One of the oldest hotels in Kalgoorlie-Boulder has been added to the State Register of Heritage Places because of its connection to WA’s historic gold boom.
Well known for its skimpy barmaids, the Exchange Hotel was built in 1894 as the area’s population boomed and has been a landmark on Hannan St even since, though it was re-built in 1901.
Hotels were vital to the economic and social life of the Goldfields acting as a common meeting destination for mine workers, with a number of important meetings taking place at the Exchange Hotel.
Heritage Minister Albert Jacob said the hotel characterised the success of the pub and hotel industry during the gold rush.
“The grandeur of the Exchange Hotel evokes memories of the economic prosperity that characterised Kalgoorlie during the gold rush,” Mr Jacob said.
The hotel went into receivership in 2011, and made headlines in 2009 when managers applied to the Department of Racing, Games and Liquor to have pole dancing, wet t-shirt competitions and costume parades at the venue.
Goldfields Tourism Network Association Inc manager Neil McGilp said the hotel was linked to former US President Herbert Hoover, who was the mine manager at St Barbara Gwalia mine in Leonora.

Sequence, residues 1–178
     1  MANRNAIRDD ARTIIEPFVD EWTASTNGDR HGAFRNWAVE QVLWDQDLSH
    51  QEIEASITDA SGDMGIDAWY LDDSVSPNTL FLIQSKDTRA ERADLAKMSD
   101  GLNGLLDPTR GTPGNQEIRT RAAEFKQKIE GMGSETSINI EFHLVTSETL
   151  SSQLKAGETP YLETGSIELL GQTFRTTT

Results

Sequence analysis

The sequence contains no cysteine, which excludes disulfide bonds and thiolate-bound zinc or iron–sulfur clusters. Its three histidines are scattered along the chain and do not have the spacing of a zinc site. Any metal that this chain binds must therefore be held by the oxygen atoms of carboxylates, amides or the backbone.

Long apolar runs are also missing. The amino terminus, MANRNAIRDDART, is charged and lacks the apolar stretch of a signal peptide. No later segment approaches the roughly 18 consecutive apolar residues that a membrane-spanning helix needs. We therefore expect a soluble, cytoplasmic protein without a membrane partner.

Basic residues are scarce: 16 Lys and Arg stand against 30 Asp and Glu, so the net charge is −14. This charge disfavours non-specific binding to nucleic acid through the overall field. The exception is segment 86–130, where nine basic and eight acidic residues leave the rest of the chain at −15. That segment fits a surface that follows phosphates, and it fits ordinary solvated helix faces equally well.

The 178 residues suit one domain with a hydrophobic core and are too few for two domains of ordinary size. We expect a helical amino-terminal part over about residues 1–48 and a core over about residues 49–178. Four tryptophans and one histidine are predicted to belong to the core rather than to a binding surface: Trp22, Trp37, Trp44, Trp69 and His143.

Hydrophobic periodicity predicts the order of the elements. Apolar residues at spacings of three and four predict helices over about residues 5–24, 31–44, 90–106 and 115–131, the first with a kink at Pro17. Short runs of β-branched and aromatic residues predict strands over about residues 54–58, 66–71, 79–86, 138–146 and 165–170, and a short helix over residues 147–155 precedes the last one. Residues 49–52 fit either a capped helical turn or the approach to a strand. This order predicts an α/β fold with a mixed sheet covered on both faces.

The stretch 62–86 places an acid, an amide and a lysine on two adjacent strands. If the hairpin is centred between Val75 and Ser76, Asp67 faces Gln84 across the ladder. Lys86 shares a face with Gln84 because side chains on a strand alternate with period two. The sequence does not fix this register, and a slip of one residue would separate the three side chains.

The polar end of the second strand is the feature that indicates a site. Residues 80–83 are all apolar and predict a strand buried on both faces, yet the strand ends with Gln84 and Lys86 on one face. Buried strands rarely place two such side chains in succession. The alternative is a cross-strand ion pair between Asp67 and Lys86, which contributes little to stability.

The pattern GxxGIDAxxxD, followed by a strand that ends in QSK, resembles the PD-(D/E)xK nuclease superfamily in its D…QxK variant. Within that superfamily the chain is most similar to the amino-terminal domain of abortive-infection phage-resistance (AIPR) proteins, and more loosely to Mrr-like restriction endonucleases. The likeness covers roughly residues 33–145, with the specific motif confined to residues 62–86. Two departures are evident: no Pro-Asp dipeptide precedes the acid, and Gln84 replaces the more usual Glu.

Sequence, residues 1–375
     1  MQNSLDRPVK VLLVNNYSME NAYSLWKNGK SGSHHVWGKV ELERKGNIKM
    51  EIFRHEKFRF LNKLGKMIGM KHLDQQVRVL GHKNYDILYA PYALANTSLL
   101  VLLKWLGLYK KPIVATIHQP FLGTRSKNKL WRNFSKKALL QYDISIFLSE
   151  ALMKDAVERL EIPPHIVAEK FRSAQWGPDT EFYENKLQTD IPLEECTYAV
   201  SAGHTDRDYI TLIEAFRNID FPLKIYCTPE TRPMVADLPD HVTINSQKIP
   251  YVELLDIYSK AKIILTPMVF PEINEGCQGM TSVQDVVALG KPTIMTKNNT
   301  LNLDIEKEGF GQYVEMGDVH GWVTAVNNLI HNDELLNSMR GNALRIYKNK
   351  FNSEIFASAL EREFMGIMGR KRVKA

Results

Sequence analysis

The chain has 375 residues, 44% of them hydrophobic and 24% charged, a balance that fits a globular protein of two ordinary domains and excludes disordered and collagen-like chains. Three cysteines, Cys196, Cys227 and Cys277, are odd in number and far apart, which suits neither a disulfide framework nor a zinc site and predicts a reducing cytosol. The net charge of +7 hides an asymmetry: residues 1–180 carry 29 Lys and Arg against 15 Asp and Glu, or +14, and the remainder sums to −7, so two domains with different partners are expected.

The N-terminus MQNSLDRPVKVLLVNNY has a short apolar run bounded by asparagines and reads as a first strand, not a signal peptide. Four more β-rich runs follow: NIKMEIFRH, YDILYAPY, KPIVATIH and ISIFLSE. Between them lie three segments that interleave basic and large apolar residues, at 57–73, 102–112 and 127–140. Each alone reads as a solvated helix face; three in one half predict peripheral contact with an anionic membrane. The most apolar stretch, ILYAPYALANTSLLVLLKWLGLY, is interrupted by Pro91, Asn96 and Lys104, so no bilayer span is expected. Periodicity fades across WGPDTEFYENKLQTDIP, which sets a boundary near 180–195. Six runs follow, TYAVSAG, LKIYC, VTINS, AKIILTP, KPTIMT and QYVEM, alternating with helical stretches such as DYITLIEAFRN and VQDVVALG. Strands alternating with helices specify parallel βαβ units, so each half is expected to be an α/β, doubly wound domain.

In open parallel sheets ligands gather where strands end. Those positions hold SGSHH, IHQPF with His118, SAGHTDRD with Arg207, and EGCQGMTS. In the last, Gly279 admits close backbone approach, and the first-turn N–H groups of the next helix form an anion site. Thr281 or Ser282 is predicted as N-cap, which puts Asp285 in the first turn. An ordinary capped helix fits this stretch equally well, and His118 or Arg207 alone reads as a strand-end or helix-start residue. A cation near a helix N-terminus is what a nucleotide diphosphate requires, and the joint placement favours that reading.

“He fell in love with a barmaid at the hotel there,” Mr McGilp said.
“He eventually went back to America and didn’t pursue his relationship with the young barmaid.”
Mr McGilp said the wealth generated by mining led to extensive development of the town and some “fantastic architecture”.
The hotel is also well known for its attempts to extend its trading hours, but having been unsuccessful.
“We play a very important role in federation,” he said. “Without the Goldfields, Federation wouldn’t have occurred or at least WA wouldn’t have been part of it.”
Designed by architects Hawkins and Sprigg, the Exchange Hotel is characterised by its grand Federation Filigree style, with a protruding gabled verandah and corner belvedere.
“It’s important for the heritage of the town and for the amazing street-scape that we do have these old buildings preserved and preserved well,” Mr McGilp said.